Everyone has their own studying methods, but no matter which one you choose, learning a language boils down to mastering four things; reading, writing, listening and speaking. I know people who study so hard they literally memorize words out of a dictionary. There are also the people who think that the best way to pick up a language is to live in the native country and speak the lingo as much as possible.

I believe in practicing over studying. And by “practicing”, I mostly mean “surfing the internet”. If you’re currently struggling with learning the Japanese language, or if you hate studying but would like to improve your Japanese, read on!

A quick search online called up websites stating that the amount of study hours required for a Japanese language learner to be ready for the JLPT N1 (the highest level of the Japanese Language Proficiency Test) exam ranges between 900 to 4,500 hours. Assuming that you stoically study in two-hour sessions once a week without fail, it would take at least eight years of study to prepare for the JLPT N1 examination.

It took me about five years to acquire my JLPT N1 certificate from scratch. Five years isn’t an especially short time, but considering that the examination was only held once a year when I was sitting for the exams in Singapore, I think it’s a fairly short time considering I only took classes once a week and often had to miss classes due to work commitments. I was determined on taking classes because I knew I didn’t have the discipline to self-study. The only time I really ‘studied’ per-se was when I was in class.

This is how I polished my Japanese skills with minimal studying and without even setting foot inside Japan:

1. Watch Japanese anime, movies, drama serials. Listen to Japanese songs. A lot.

It doesn’t matter if you don’t understand a thing these movies or songs are saying at first. Watch them with subs, never dubs. The whole point of watching or listening to a truckload of Japanese media is to train your ears to get used to the nuance of the language.

2. Read Japanese books or magazines which interest you.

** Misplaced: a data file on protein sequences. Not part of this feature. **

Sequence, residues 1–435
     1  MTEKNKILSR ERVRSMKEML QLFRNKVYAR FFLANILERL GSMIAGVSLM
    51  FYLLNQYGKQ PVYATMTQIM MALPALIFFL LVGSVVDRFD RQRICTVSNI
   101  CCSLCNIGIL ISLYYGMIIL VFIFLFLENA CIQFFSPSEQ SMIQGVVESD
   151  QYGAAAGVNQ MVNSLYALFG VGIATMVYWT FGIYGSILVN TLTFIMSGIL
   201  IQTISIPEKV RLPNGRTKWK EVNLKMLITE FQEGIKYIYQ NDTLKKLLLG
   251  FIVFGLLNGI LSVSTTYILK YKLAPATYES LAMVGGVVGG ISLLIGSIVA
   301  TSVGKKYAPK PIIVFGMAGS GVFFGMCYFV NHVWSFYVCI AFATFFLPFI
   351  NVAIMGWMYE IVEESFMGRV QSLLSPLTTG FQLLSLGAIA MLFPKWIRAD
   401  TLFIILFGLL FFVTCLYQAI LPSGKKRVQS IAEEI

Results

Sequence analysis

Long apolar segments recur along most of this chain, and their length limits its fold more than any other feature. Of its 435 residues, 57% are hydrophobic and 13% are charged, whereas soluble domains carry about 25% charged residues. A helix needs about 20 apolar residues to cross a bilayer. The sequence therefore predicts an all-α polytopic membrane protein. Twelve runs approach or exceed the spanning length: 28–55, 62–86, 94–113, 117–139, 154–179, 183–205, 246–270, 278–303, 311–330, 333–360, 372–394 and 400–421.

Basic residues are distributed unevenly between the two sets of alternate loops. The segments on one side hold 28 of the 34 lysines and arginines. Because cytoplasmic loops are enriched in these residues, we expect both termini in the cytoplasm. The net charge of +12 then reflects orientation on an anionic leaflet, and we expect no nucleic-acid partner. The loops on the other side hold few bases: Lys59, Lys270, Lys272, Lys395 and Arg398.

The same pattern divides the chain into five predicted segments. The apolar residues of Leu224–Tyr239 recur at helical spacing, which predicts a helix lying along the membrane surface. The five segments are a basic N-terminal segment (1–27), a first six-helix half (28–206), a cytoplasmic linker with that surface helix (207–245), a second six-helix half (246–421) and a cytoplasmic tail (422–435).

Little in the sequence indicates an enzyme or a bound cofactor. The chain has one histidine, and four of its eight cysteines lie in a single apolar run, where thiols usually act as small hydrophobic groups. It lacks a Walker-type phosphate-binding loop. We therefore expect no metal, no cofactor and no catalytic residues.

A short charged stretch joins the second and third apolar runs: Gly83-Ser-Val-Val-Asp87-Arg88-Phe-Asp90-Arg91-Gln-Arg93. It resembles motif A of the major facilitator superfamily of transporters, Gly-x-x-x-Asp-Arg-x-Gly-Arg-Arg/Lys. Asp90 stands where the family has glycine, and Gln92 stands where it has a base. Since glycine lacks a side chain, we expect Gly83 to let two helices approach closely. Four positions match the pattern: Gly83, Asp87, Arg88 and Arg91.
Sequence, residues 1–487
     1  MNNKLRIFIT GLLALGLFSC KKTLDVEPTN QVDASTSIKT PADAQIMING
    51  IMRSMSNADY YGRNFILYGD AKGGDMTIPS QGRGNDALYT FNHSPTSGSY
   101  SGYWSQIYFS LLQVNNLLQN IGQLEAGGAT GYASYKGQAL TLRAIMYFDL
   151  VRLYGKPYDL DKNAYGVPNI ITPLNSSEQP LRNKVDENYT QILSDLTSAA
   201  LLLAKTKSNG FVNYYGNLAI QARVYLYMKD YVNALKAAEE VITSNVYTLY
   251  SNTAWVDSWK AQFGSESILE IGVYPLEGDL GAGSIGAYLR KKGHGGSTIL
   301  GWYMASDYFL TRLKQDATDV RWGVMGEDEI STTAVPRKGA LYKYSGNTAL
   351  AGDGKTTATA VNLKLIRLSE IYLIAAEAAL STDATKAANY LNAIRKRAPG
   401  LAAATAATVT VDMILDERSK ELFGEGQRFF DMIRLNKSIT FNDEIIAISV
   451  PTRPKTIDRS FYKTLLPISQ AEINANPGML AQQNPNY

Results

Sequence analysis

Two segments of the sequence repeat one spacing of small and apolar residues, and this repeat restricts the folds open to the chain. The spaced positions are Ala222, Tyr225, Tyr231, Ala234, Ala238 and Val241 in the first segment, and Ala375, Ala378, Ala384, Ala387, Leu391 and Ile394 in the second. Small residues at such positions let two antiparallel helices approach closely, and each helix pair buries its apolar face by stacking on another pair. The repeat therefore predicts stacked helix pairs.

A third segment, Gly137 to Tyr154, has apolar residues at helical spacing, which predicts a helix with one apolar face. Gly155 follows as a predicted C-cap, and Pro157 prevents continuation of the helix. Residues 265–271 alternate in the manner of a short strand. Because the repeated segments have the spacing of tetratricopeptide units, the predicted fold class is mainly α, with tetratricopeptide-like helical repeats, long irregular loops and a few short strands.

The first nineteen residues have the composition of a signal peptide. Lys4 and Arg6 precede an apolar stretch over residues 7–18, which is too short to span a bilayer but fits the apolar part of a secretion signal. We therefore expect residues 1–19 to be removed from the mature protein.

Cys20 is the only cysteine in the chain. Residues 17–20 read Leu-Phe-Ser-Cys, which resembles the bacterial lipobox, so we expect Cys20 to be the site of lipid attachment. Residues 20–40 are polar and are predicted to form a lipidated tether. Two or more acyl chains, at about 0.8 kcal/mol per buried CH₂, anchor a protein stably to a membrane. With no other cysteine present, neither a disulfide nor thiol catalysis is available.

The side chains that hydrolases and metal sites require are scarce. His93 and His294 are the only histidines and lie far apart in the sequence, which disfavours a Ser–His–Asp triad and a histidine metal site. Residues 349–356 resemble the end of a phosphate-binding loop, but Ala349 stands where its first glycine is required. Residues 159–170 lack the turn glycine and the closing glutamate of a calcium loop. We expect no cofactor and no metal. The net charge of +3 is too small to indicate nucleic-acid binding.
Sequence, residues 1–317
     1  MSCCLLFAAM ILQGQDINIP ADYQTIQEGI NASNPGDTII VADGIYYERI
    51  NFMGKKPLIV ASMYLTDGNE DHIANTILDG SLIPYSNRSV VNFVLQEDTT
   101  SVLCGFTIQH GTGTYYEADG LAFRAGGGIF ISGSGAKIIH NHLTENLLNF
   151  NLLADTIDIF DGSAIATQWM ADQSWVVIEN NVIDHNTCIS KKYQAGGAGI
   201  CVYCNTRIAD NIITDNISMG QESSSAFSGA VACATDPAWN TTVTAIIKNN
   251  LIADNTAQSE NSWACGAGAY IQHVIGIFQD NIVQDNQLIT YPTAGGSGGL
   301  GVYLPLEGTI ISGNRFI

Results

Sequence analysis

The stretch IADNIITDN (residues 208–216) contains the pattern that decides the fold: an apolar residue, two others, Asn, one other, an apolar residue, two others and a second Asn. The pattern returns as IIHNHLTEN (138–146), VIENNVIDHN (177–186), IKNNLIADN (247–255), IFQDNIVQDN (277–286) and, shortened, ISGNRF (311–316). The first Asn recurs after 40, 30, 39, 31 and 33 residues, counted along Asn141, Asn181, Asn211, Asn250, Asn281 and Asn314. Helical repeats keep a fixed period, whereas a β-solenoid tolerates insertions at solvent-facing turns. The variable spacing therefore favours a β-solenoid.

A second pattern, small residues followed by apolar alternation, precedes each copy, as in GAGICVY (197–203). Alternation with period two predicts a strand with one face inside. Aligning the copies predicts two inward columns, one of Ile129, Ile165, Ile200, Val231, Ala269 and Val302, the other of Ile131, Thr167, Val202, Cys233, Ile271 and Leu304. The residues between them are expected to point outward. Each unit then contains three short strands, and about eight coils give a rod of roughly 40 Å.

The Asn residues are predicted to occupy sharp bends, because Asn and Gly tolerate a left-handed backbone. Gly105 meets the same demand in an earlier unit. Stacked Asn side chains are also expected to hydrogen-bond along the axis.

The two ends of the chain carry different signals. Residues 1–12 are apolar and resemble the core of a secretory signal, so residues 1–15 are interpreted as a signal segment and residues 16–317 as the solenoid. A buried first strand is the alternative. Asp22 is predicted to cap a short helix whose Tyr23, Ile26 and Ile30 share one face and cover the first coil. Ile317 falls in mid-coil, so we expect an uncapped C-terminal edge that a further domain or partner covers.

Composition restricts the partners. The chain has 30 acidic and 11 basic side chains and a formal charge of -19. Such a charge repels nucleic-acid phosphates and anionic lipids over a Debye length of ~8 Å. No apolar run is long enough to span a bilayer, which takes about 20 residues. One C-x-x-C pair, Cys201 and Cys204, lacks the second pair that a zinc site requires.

My Japanese teacher used to advocate reading the newspapers, but the problem was, there were too many difficult words and I had zero interest in current affairs. Instead, I read manga, novels and magazines that featured topics that piqued my interest, such as fashion magazines and entertainment magazines that featured my favorite artistes. Children’s books are also a good start for beginners.

Such material may not be the most “orthodox” or educational, but at least you’ll be motivated to read. If the price of Japanese books and magazines are a concern, you can always chalk up the reading meter by surfing Japanese websites such as our sister site RocketNews24 Japanese!

3. Talk to yourself (or an imaginary person).

The point of this practice is to get comfortable with speaking the language. It’s not easy to find a language partner who can practice with you at the oddest hours of the day. I used to “talk” to Rukawa-kun (from Slam Dunk) whenever I didn’t have anything to do, such as when I was waiting for a bus, or when I was walking home alone. Since it’s an imaginary person you’re talking to, you wouldn’t have to worry if the topics are mundane and repetitive, or if your Japanese is “weird”. Just blabber on in as much Japanese as you can muster. If you’re conscious of the looks from strangers around you, just pick up your mobile phone and act as if you’re on the phone.

4. Keep a blog/diary. In Japanese, of course.

Again, it doesn’t matter what you write about. Just try your best to express your thoughts in words. If you need some help with words, you can always look it up in the dictionary. Using the dictionary and subsequently writing it out helps you remember the word better. Your blog or diary will also become a good gauge of how much you’ve progressed. After some time, you’ll be able to look back at your old posts, cringe at the horrible writing, and give yourself a pat on the back for being able to tell how bad it was. If you can get your Japanese teacher to read your blog and give you feedback, all the better.